BY MOSES MUGUGUNYEKI
GOVERNMENT has pleaded with the Zimbabwe Red Cross Society (ZRCS) to expand its first aid programmes to include marginalised communities to save lives during natural disasters.
“Red Cross increase your visibility in communities. Let’s see you in schools. Let’s see you in communities training these people first aid,” Public Service, Labour and Social Welfare minister Paul Mavima said during a first aid breakfast meeting hosted by ZRCS yesterday.
“Let’s have a critical mass of people trained in first aid. Once you have done that, government will chip in and assist; corporates will also come in and help.”
Calling on every Zimbabwean to have basic knowledge in first aid, he added: “While first aid is important for everyone, it is even more important for the workplace as our valuable (human resources) are exposed to many dangers in their routine operations.”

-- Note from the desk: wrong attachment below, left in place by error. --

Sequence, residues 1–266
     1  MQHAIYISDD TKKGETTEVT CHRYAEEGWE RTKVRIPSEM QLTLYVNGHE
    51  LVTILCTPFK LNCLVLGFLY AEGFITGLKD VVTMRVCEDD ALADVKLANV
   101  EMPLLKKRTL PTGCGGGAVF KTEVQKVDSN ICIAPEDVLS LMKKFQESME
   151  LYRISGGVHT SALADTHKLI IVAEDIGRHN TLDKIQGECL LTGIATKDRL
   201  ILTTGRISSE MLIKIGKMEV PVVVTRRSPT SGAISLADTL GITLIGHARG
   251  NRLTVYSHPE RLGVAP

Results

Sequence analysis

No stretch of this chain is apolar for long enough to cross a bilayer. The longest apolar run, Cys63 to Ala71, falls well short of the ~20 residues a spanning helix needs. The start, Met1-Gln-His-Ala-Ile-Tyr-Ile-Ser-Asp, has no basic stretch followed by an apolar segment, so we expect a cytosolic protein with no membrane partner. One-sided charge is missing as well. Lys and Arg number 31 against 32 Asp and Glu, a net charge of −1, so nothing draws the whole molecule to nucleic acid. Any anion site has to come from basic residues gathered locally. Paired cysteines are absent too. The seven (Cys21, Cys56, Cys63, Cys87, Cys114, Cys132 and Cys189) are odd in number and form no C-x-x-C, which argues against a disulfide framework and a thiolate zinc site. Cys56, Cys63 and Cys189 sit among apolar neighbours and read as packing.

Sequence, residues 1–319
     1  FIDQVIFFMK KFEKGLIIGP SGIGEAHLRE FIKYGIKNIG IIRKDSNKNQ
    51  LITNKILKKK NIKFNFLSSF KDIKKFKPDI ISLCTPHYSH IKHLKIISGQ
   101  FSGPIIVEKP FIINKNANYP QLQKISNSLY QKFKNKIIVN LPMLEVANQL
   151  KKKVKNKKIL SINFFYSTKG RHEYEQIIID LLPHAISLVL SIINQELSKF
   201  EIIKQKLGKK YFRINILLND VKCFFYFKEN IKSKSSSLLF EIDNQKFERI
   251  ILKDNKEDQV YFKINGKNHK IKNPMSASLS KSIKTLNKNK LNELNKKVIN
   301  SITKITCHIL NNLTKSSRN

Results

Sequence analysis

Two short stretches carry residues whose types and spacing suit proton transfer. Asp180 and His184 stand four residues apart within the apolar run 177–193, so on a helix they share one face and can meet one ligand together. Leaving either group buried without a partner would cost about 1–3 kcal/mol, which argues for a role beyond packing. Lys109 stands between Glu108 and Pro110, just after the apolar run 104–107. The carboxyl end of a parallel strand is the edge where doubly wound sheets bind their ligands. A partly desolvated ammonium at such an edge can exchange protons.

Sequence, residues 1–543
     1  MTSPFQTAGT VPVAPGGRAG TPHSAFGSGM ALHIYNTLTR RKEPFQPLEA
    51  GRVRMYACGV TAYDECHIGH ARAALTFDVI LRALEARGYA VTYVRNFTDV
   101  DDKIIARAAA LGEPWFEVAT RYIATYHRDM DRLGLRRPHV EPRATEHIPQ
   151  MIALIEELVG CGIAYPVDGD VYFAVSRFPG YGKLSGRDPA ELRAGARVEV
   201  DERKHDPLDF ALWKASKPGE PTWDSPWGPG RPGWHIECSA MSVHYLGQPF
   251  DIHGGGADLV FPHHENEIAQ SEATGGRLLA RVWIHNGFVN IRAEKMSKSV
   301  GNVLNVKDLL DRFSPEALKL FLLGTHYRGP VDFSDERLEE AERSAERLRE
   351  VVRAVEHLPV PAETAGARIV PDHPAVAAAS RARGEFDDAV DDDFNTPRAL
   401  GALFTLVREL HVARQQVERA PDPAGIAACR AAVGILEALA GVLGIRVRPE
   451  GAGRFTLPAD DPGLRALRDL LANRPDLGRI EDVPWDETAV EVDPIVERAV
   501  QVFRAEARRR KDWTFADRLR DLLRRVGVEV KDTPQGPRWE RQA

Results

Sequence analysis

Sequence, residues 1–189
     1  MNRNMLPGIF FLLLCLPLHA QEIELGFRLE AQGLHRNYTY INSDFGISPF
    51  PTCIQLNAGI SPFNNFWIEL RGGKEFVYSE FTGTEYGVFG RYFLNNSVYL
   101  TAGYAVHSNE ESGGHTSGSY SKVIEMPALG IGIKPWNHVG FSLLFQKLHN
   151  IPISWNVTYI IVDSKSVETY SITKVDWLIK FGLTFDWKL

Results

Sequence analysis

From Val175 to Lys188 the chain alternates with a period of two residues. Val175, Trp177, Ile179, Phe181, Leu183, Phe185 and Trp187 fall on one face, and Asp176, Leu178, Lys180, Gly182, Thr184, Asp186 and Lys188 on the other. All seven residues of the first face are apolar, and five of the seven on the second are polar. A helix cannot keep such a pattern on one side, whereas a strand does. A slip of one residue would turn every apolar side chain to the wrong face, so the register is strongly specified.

ZRCS secretary-general Elias Hwenga also pointed out that companies must invest in first aid training for their workforce.
“Every worker is recommended to be trained in these lifesaving skills. At times, some employers think investing in first aid training is a waste of resources, hence when disaster occurs they tend to lose lives and in most cases their skilled and experienced workers due to lack of basic lifesaving skills and knowledge,” Hwenga said.
National Social Security Authority principal occupational safety and health promotions officer, Thembekile Dumbu said it was a legal requirement for companies to have first aid facilities.
“Every organisation according to law should have a first aid facility. The provision of first aid facilities is also a legal requirement: section 10 of the Factories and Works (General) Regulations RGN No 263 of 1976,” Dumbu said.
ZRCS is among a handful of organisations that offer first aid training in Zimbabwe.